Over recent weeks we have been out to check on the local ephemeral lakes. These lakes vary from year to year depending on how wet our “wet season” is and also what happens in the “dry season”. It really has been a bad year for the lakes and the birdlife that depend on them, but with so much water in other parts of Australia they will have relocated. When we have had a good wet season we have had terns breeding along the main highway south from Broome and even Comb-crested Jacana have inhabited the lakes. There had been rain in the area that we looked, but the lakes were still almost all dry and although we saw 55 species of birds there were no waterbirds. We found one pair of Brolga and Masked Lapwings in a damp area where there had been a lake. BrolgaGrus rubicunda Australasian Pipits make the most of fence lines around the country! The pale lumps in the background are termite mounds, of which there are plenty! Australasian PipitAnthus novaeseelandiae
The season is really changing at the moment and we are currently watching “lows” develop off the coast. We got trapped in a storm on the beach and sought shelter in a cave where we were still able to observe the shorebirds. It was not until it got really torrential that they stopped feeding. It was an incoming tide and they did not want to miss their opportunity. The storm was incredible to watch as it approached and the chill in the air was pure luxury after the hot and humid weather that we are experiencing at the moment. The lightning shows will soon be upon us and there’s nothing better than sitting outside in the evening watch the sky light up.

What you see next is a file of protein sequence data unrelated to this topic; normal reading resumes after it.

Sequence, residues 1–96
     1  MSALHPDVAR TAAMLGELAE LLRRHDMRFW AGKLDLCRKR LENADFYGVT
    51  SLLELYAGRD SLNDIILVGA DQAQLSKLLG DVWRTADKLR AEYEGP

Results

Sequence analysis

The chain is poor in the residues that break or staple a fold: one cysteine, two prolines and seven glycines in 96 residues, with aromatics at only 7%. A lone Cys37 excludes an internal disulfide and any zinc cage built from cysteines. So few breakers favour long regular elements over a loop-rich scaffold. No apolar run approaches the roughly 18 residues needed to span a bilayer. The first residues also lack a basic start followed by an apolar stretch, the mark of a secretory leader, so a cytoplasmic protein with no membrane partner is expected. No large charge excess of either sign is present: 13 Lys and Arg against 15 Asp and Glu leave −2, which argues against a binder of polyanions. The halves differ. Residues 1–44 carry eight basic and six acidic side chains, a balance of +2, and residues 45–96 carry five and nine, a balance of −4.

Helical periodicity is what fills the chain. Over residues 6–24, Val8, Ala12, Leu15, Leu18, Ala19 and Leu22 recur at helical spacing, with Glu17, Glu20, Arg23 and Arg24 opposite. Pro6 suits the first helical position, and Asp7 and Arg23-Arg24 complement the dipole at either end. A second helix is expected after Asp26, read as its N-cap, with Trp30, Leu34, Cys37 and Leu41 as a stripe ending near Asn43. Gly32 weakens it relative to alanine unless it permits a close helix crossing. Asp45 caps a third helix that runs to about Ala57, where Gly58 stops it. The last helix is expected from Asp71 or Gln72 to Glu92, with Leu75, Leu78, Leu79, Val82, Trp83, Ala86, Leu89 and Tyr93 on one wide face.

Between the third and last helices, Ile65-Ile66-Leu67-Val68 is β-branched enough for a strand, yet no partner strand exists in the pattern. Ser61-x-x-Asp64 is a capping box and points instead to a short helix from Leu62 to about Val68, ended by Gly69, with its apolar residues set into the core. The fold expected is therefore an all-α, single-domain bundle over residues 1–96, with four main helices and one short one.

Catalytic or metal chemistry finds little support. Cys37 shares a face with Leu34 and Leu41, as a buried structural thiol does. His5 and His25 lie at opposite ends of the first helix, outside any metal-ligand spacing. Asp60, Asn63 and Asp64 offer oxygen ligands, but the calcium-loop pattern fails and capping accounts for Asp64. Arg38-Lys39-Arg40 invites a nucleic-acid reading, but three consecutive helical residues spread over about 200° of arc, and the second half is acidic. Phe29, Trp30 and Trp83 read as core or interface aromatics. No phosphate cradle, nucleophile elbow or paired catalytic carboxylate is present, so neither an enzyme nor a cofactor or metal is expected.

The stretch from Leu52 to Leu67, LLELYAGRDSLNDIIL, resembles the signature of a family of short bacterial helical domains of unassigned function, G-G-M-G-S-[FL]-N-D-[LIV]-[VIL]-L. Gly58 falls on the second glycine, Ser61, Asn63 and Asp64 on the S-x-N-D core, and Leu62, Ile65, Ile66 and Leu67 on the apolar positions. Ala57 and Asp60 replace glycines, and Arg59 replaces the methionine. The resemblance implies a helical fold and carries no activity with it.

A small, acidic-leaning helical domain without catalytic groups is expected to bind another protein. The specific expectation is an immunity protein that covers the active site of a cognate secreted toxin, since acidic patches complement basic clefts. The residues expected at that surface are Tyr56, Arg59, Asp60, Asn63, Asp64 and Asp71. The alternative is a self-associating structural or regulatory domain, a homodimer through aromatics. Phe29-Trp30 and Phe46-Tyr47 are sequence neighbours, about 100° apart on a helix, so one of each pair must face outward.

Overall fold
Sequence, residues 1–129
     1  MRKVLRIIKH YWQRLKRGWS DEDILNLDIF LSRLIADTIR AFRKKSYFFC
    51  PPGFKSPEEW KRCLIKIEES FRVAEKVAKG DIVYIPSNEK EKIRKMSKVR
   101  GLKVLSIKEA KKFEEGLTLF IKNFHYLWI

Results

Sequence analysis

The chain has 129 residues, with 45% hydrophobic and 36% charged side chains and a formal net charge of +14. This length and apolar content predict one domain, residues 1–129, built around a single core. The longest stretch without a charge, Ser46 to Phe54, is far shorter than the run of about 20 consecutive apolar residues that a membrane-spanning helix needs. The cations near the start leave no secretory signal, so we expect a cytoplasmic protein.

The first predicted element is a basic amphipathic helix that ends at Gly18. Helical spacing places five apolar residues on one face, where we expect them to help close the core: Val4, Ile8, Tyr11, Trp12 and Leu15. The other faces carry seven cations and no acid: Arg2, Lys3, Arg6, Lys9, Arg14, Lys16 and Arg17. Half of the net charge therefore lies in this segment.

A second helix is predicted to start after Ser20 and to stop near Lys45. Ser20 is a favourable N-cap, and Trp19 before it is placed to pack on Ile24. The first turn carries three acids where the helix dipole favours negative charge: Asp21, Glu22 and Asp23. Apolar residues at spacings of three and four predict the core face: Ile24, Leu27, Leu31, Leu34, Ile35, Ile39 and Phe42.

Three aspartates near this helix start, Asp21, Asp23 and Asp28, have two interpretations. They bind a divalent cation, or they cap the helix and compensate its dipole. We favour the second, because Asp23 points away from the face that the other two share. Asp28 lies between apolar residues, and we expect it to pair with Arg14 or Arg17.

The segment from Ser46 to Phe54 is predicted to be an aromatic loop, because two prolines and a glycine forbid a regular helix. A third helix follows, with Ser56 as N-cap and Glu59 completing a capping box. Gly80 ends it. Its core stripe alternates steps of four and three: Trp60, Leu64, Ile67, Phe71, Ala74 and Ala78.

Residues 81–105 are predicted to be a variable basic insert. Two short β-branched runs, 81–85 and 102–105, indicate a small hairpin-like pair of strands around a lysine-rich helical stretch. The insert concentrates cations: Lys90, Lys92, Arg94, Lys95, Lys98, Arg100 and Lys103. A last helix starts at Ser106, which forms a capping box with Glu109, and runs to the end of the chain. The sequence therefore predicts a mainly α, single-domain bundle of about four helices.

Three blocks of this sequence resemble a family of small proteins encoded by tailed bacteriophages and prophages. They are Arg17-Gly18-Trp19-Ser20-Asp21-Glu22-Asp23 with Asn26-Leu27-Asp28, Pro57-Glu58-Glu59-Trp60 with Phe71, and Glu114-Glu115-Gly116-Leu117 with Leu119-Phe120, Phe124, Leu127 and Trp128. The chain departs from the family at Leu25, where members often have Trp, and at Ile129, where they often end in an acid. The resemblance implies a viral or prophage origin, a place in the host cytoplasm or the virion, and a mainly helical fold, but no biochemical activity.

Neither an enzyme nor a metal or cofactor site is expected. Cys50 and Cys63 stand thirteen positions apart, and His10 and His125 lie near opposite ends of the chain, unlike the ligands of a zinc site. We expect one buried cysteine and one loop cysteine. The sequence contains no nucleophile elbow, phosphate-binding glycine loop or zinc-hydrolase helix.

We have had a sudden invasion of locusts and flying ants. The ants are a good indication that rain is on its way and the noise the frogs are making is another good indication. We are pleased that we have a garden full of native plants and trees for the birds. Our neighbour has palm trees and the locusts have loved the free feed. It was interesting that when the locusts were at their peak we had very few birds in our garden, but I suspect that the size of a spur-throated locusts is fairly threatening to a Double-barred Finch.
In the last few days we have seen a lot of lizards out and about ……this male Gilbert’s DragonAmphibolurus gilberti was having a lazy afternoon! Gilbert’s DragonAmphibolurus gilberti
The Frilled Lizards Chlamydosaurus kingii near the road are generally very cooperative for photos, so here’s a nice shot for you!
Frilled Lizard Chlamydosaurus kingii
Clare and her husband, Grant, have lived permanently in Broome, Western Australia since 1999 after living in various outback locations around Western Australia and Darwin. She has lived in the Middle East and the United States and traveled extensively in Europe. She monitors Pied Oystercatchers breeding along a 23km stretch of Broome's coastline by bicycle and on foot. She chooses not to participate in social media, but rather wander off into the bush for peace and tranquility. Thankfully she can write posts in advance and get away from technology!
Pat’s 2018 Year List – 542
Clare M’s 2018 Year List – 311
Tom’s 2018 Year List – 287
Donna’s 2018 Year List – 220
Corey’s 2018 Year List – 186
Donna’s 2017 Year List – 840
Pat’s 2017 Year List – 746
Corey’s 2017 Year List – 568
Clare M’s 2017 Year List – 458
Jochen’s 2017 Year List – 250
Tom’s 2017 Year List – 251
Pat’s 2016 Year List – 882
Donna’s 2016 Year List – 709
Clare M’s 2016 Year List – 464